Nagpur Smart City: The next big opportunity for big players
SMART CITIES

Nagpur Smart City: The next big opportunity for big players

The winter capital of Maharashtra was recently facilitated nationally for its intent to scale up walking and cycling transformation and accelerate the progress of street design projects. The city has also been garnering attention for its Maha Metro project that has been breaking multiple infrastruct...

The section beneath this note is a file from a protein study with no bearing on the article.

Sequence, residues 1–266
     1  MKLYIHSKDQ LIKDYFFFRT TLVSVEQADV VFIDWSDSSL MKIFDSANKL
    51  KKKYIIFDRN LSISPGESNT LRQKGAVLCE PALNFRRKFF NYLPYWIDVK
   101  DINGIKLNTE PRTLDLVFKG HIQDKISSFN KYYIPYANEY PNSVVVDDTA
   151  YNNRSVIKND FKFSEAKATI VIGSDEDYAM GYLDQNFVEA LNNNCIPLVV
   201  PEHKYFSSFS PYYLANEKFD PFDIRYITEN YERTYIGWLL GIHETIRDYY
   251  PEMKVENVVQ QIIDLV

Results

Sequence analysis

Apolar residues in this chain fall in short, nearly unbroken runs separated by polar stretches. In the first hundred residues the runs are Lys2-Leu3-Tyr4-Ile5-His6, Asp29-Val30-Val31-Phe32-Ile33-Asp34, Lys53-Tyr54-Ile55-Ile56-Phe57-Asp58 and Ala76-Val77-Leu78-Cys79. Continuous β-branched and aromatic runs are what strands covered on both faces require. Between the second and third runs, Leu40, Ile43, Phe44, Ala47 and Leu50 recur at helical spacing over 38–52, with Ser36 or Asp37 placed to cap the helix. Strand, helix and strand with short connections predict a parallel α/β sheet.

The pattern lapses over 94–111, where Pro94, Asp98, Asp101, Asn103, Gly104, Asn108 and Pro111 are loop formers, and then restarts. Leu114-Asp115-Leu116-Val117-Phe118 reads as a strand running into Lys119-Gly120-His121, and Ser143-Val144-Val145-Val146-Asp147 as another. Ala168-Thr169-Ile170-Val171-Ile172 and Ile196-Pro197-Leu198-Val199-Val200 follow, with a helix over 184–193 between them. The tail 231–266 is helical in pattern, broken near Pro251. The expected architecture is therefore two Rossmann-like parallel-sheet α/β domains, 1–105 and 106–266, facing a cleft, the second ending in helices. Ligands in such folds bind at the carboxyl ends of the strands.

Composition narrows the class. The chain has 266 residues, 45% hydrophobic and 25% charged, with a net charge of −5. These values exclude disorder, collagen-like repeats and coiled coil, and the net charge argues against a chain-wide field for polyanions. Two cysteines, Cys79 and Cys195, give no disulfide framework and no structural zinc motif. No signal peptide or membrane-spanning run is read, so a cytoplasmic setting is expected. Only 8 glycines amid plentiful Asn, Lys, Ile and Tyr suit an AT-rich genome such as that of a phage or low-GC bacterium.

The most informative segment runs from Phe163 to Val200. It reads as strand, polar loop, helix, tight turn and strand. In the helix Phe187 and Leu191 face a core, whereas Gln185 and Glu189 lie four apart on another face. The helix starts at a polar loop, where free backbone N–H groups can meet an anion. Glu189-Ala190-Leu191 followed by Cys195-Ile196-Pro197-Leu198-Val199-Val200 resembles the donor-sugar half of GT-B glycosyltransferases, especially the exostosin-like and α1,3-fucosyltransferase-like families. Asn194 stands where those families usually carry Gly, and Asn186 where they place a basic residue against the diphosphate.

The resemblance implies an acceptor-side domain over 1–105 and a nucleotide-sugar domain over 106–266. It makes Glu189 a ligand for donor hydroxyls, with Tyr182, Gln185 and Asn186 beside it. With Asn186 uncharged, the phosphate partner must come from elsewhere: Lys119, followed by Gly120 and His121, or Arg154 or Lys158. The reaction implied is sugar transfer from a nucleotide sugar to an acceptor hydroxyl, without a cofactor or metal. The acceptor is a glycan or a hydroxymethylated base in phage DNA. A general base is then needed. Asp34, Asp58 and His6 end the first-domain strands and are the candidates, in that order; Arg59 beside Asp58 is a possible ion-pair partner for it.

The winter capital of Maharashtra was recently facilitated nationally for its intent to scale up walking and cycling transformation and accelerate the progress of street design projects. The city has also been garnering attention for its Maha Metro project that has been breaking multiple infrastructure and engineering records – the latest for its longest double-decker viaduct as on the date of printing. Chinmay Gotmare, CEO, Nagpur Smart City (NSSCDCL), talks about the multiple opportunities in the city and offers his insights on its progress.Please take us through the initiatives that have been implemented under the Nagpur Smart Programme.The Smart City Mission has been undertaken by the Central Government of India and the state government in partnership. In Nagpur, the implementation has been done in two parts: area-based development (ABD) and pan-city intervention.As part of ABD, we have areas of Pardi, Punapur, Bharatwada, and part of Bhandewadi. For these, retrofitting type intervention has been envisaged. ABD zones address planning for areas of Nagpur that have grown and developed in an unplanned manner. This development has been ongoing from about 2018-19. This had been envisioned as a Rs 650-crore project comprising properly planned routes with utilities provided in a proper manner. Thus, if you have to repair certain utilities, you don't have to disturb the road. This is a common problem in most cities where any utility management activity, repairing or renovation affects the infrastructure. This project, called as TenderSURE project, will plan the development under the retrofitting model of an existing area. This is a brownfield project.With regard to pan-city interventions, we have established a ‘smart strip’ with adaptive traffic lights and sensor-based street lights. This regulates energy consumption. Also, CCTV cameras monitor signals, automatically capturing anyone who jumps a signal. Further, we have recently taken up about 23 fresh projects with a cost of about Rs 185 crore under pan-city interventions. These include projects for e-governance, smart schooling and sewage and waste management.Keeping in mind the need for hygiene and sanitation, how has the city progressed on its plans to set up 100 e-toilets?We have recently given the work order for e-toilets or smart toilets. This is in response to the shortage of good, clean toilets around the city, especially for women. These will have features like auto flushing and sanitising after every use, and can be controlled remotely from the central operations centre (COC). The order is being carried out by Eram Scientific Solutions, a Bengaluru-based company.We are also working on something called ‘smart bins’. There are public waste bins of about 1,100 litres capacity, which have a volumetric sensor installed on top. So, as the bin fills up to a particular level, say 80 per cent, the sensor signals our COC, which responds by dispatching a garbage vehicle to unload them. This ensures the bins do not spill over, which is a major problem across most cities. This also aligns with the Swachh Bharat Mission of making cities cleaner. We had published tenders for this more than once as there are few players in the market for this. And to ensure fair competition, they are still active.What other development projects are you executing?We are upgrading six schools under the Nagpur Municipal Corporation (NMC). These are being provided with both hardware and software requirements including smart schooling and e-learning modules compatible with our State Board in four mediums: English, Marathi, Hindi and Urdu. So, the order will include civil work to repair and renovate the buildings and work to install IT infrastructure. Similarly, we have three existing libraries that will be improved infrastructurally and will be provided e-library solutions, where every subscription will be covered online.Apart from that, we wish to eradicate manual scavenging of manholes for cleaning. Tenders for these are currently live, also to ensure fair competition. The work order is for robotic scavenger machines that will enter manholes, especially in narrow lanes. Further, we have floated a tender for 25 e-buses with operation and maintenance for 12 years. While 15 e-buses were purchased earlier on behalf of the smart city, we will procure 25 more and hand them over to the NMC.Tell us about the security and surveillance upgradation you have done and any upcoming projects in this direction.We have approximately 3,600 CCTV cameras, which are monitored centrally by the COC. These have been of help to the police, resulting in an uptick in their detection and conviction rates owing to readily available footage. These are jointly operated by the civic and police authorities. They also help in disaster management by showing what areas are getting flooded and so on.In an attempt to improve urban mobility, we are planning to erect 75 bicycle stands at public locations around Nagpur, such as in government offices, and are also planning to install 13 EV charging stations. We are currently finalising the locations in coordination with the NMC.A good number of tenders have already closed. For example, we undertook GIS mapping of sewer drainage lines as well as LIDAR surveying of sewer lines and storm drains, so that the data is available readily. Tenders that are live include ones for the e-library, robotic scavenger, e-buses and smart bins. Past tenders included work orders for developing some internal roads and the construction of a police station, both in our ABD area.What were the considerations for incorporating the cycling track?We have a shared track – we have not divided the road but only marked it. If you have a dedicated cycling track, the width of the existing road decreases and there are limitations on space; you either compromise on the footpath or the road width. There might be a demand for a barricaded cycling track from cycling enthusiasts but it is not a requirement currently as the load on the track is not the same as for two-wheelers and four-wheelers. Of course, it could be a possibility in the future. What we identified as the bigger challenge was a space to securely park cycles upon reaching a particular place to protect them from the weather. Thus, we decided to provide bicycle stands at 75 locations across the city and we incorporated advertising facilities to generate revenue.Another initiative is providing automated multilevel parking. Tenders for this have been closed and we have received bids. We are planning to implement puzzle parking and rotary parking, for cars as well as motorbikes. The final decision will be taken based on their specific locations depending on what is feasible.Is there any project you are directly involved with or is close to your heart?Schooling, definitely. I want to improve the schools because I believe it is our responsibility to provide a good education to everyone. Smart schools are one of the projects I am looking to work on, along with providing good libraries with access to the best sources available. The next project on my list is the transition to robotic scavenging because in the age of technology, it is abhorrent for a human being to still have to enter a manhole to clean it.Please share the amount invested in the smart city programme and from where it has been sourced.The proposed project cost for ABD has been Rs 650 crore for TenderSURE and that of the whole project, in line with the original Smart City Mission, is Rs 1,000 crore. Of this, 50 per cent share of the funds has been provided by the Central Government and the remaining 50 per cent is equally shared by the urban local bodies (ULBs) – NIT and NMC – and the state government.Any final words?Nagpur has the geographical benefit of being centrally located and it is a fast-growing city with a strong intent. The speed at which the Nagpur Metro was developed, for instance, was one of the fastest, making this a rich opportunity for any big player to come and contribute in output.There is a limited scope of innovation in the government sector as there is a lot at stake. Innovation or experimentation always comes with the inherent risk of failure. No innovation has succeeded in the first shot. We have the famous example of Thomas Edison who failed a thousand times before he succeeded in making the lightbulb. The Smart Cities Mission is a sandbox that has allowed healthy experimentation and sparked innovation.